What books, internet and CD-covers tells us...
Alonso Mudarra (1510-1580) Gallarda
The gaillard was a Renaissance dance form that was very popular all over Europe in the 16th century. It is an athletic dance, characterised by leaps, jumps and hops. The Gaillard was generally paired with the slow processional dance Pavan (the slow dance first). Mudarra's Gaillard was meant to be played after the "Pavana de Alexandre", a piece we will learn in D06.
At the age of 36 years Mudarra became a priest and was installed as canon of the cathedral of Sevilla.
Gaspar Sanz (1640-1710) Pavanas Por La D, Con Partidas Al Aire Español
Our second composer of this lesson, Sanz, was also a priest. Born to a wealthy family, he was baptized as Francisco Bartolome Sanz y Celma, but later adopted the first name "Gaspar". He studied music, theology and philosophy at the University of Salamanca, where he was later appointed Professor of Music.
This "Pavane with variations in the Spanish manner" is from the second volume of his three part master work for baroque guitar "Instruccion de musica sobre la guitarra espanola".
In the lesson book, there's seems to be something wrong in measure 32. I guess that it must be just like m.16. First we play a whole note, the second time around it's a dotted half note, followed by the upbeat of the next variation.
The barline after a-A is confusing. The a-A under number 2 must be considered as the first beat of m.33, which has only three quarter notes.
[However, in the video the structure A-A-B-B-C from the score has turned into A-B-C-B. In m.16 the bar with the whole note (under number 1) is skipped. Professor Delcamp just plays the dotted half note immediately followed by the quarter note. In m. 32 he also plays straight on and skips the dotted note in the bar under number 1. And then at the end of the piece (m.49) he plays a dotted note instead of a whole note and then starts a repeat beginning with the quarter note of m.16 and ending with m.32 (this time a whole note). Maybe this is what's meant by variations in a Spanish manner )]
Napoléon Coste (1805-1883) Etude I opus 38
One of the great 19th century guitar composers that didn't live abroad! Most of Coste's work was forgotten after he died, but his Op.38 became well known and widely appreciated. Study no. 1 is dedicated to mister E. Petetin, pupil of Coste and later his son in law. In his recent PhD-dissertation about Coste, Van Vliet says Petetin must have been a very mediocrate player, because the low difficulty-grade of this study. Ay, that hurts for us poor D05-students! Maybe it's easy when you use the simple and elegant fingering of Coste, but you must be a pretty good player to make the weird fingering in the lesson book sound nice. http://imslp.org/wiki/25_Etudes_for_Gui ... l%C3%A9on)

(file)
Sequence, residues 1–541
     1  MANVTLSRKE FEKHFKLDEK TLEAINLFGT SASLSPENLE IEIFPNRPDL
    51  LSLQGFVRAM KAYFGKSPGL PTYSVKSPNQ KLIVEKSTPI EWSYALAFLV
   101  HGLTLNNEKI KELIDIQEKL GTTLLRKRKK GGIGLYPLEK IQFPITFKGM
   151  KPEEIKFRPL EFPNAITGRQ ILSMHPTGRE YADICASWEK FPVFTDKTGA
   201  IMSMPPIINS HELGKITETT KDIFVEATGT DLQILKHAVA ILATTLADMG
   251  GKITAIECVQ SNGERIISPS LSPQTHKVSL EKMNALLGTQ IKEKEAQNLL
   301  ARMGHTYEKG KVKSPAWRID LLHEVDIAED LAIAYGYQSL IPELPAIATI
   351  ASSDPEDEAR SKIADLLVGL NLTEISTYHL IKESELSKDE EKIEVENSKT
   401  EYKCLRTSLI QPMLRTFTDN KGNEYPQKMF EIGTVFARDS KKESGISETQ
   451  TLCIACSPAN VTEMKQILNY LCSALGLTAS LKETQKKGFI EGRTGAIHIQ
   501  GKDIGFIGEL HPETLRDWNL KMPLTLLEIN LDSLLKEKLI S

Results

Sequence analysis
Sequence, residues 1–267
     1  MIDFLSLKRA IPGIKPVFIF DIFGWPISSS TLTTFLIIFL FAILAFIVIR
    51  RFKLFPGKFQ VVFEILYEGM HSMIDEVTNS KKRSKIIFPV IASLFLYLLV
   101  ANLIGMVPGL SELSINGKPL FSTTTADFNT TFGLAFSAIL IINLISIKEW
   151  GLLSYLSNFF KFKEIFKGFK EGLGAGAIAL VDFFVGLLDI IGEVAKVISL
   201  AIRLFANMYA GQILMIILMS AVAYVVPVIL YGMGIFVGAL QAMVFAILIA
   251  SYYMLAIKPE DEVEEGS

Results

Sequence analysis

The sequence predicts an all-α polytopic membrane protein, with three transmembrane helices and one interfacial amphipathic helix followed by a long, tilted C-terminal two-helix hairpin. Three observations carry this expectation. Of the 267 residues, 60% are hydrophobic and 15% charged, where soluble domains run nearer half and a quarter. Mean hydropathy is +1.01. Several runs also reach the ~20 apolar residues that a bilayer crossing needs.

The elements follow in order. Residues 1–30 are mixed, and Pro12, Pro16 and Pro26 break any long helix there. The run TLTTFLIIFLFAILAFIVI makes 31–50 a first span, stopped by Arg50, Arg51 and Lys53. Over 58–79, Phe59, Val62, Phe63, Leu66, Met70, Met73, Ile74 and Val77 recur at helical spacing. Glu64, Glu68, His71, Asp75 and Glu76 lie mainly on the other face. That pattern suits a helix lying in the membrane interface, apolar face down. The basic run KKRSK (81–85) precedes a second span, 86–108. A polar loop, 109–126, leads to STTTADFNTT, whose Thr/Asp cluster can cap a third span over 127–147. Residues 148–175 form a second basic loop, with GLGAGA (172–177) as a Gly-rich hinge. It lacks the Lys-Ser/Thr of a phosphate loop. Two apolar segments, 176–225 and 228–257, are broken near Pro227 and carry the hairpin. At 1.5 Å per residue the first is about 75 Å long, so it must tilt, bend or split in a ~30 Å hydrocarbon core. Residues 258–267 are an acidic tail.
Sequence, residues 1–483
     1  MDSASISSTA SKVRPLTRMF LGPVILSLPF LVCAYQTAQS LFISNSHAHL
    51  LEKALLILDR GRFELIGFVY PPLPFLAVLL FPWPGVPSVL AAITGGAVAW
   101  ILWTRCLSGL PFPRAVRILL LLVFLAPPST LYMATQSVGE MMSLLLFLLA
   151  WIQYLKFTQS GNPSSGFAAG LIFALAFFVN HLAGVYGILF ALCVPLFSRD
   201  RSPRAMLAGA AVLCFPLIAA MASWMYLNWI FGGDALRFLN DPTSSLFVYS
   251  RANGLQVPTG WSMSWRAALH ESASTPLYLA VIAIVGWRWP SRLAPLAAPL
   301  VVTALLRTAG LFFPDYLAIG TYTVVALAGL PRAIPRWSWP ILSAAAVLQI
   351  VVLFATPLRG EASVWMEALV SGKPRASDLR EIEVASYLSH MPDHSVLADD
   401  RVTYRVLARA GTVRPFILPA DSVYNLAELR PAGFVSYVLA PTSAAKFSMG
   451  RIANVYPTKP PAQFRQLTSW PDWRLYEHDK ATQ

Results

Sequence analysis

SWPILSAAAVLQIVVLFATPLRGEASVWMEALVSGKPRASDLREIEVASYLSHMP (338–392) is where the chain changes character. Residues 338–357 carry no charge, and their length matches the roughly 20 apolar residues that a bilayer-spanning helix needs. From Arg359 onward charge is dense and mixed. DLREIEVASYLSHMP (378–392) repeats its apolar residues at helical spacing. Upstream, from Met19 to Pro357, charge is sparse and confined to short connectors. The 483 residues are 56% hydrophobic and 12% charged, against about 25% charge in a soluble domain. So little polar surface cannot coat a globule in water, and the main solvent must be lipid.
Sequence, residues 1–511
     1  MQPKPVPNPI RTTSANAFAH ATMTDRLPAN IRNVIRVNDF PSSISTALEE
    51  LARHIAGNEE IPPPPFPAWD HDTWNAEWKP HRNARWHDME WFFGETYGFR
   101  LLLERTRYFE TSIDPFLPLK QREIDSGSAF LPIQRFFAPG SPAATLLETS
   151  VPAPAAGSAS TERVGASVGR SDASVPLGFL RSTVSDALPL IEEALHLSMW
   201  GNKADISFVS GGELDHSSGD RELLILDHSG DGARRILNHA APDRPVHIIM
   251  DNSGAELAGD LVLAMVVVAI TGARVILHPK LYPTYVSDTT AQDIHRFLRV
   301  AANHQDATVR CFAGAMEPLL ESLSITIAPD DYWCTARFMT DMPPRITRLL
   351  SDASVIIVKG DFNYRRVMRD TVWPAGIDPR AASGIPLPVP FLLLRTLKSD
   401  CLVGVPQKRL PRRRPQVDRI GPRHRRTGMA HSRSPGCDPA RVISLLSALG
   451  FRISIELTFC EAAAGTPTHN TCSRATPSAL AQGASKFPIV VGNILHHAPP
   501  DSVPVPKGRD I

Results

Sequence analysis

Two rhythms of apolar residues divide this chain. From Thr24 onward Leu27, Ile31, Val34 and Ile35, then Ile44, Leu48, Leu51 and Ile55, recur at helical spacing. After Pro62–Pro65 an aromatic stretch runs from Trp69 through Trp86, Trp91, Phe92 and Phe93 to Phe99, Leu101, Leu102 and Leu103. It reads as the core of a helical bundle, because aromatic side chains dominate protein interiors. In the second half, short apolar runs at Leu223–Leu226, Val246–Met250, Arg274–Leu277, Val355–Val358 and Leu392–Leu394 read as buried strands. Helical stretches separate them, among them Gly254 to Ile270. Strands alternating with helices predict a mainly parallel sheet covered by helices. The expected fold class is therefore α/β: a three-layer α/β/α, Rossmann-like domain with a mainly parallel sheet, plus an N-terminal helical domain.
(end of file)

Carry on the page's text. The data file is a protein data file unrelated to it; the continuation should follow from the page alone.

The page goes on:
All these studies were composed by Coste for seven-string guitar. The first bass notes of m.7 and m.37 were originally an octave lower, so the descending bass line now makes a strange jump at the end. The tempo indication of the original is bpm=112, which IMO does fit much better to the character of the piece.
The demonstration video has a lot of rubato and a lazy, romantic atmosphere. But with a bit more pepper and a good sense of rhythm Coste's etudes suddenly sound surprisingly modern. Sometimes I hear a few bars that could have been played by Ry Cooder, Tommy Emmanuel, Harry Sacksioni or Leo Kottke (best example: Etude nr. 2 on p.78-79 of the lesson book, from bar 9 on!). If you really want to get a good impression of the superb quality of Coste's Op.38, I advise to listen to Jeffrey McFadden's rendition (Coste: Guitar Works Vol.4, Naxos; also on Spotify).
Francisco Tàrrega (1852-1909) Làgrima
This famous piece was written by Tarrega when he was abroad, on one of his tours, in London. As many pieces, it was not published during his lifetime. He used it in manuscript form as student material. First it was just named "Preludio", but after hearing it his student Walter Leckie immediately came up with the name Lagrima (Teardrop).
When Tarrega died, the manuscript was not in his legacy. But then Pujol discovered a unknown manuscript of Tarrega, owned by an amateur guitarist in Reus (Spain). He handed it over to the Tarrega family, who had it printed in 1914 (Buenos Aires) and later in Madrid. This version had two parts and it would became the standard version.
But although Lagrima sounds so familiar to us nowadays, it seems that we are playing an incomplete version. In 1911 Leckie gave the Lagrima manuscript he got from Tarrega to Domingo Pratt during the latter's visit to Marseille. This was a THREE part manuscript! The section that had been "lost" is actually the second part. The structure of the Pratt-version is AA-BB-A-CC-A (A being the E major-part; B being the "new" part; C being the e minor part). Pratt published it in 1924 in Buenos Aires. You can listen to the Pratt version, performed by our forum member Jürgen Schenk: https://www.youtube.com/watch?v=uR4z74y8XJg
For more details about the history of Lagrima: viewtopic.php?f=1&t=8343&p=76896&hilit= ... art#p76896
Julio Sagreras (1879-1942) Lecciones III n°6
In his method Sagreras writes: "This study in the form of a ranchera (a few years ago it would have been called a mazurka, for in reality that is exactly what it is) is composed of slurred triplets. In these I recommend that the first note of the triplet is held very firmly, since that is the one which has to withstand the descending part of the ligado. I recommend yet again that in the second section, which is in thirds and sixths, the fingers of the left hand should slide in all those places where slides are indicated. The accents marked should be strictly observed."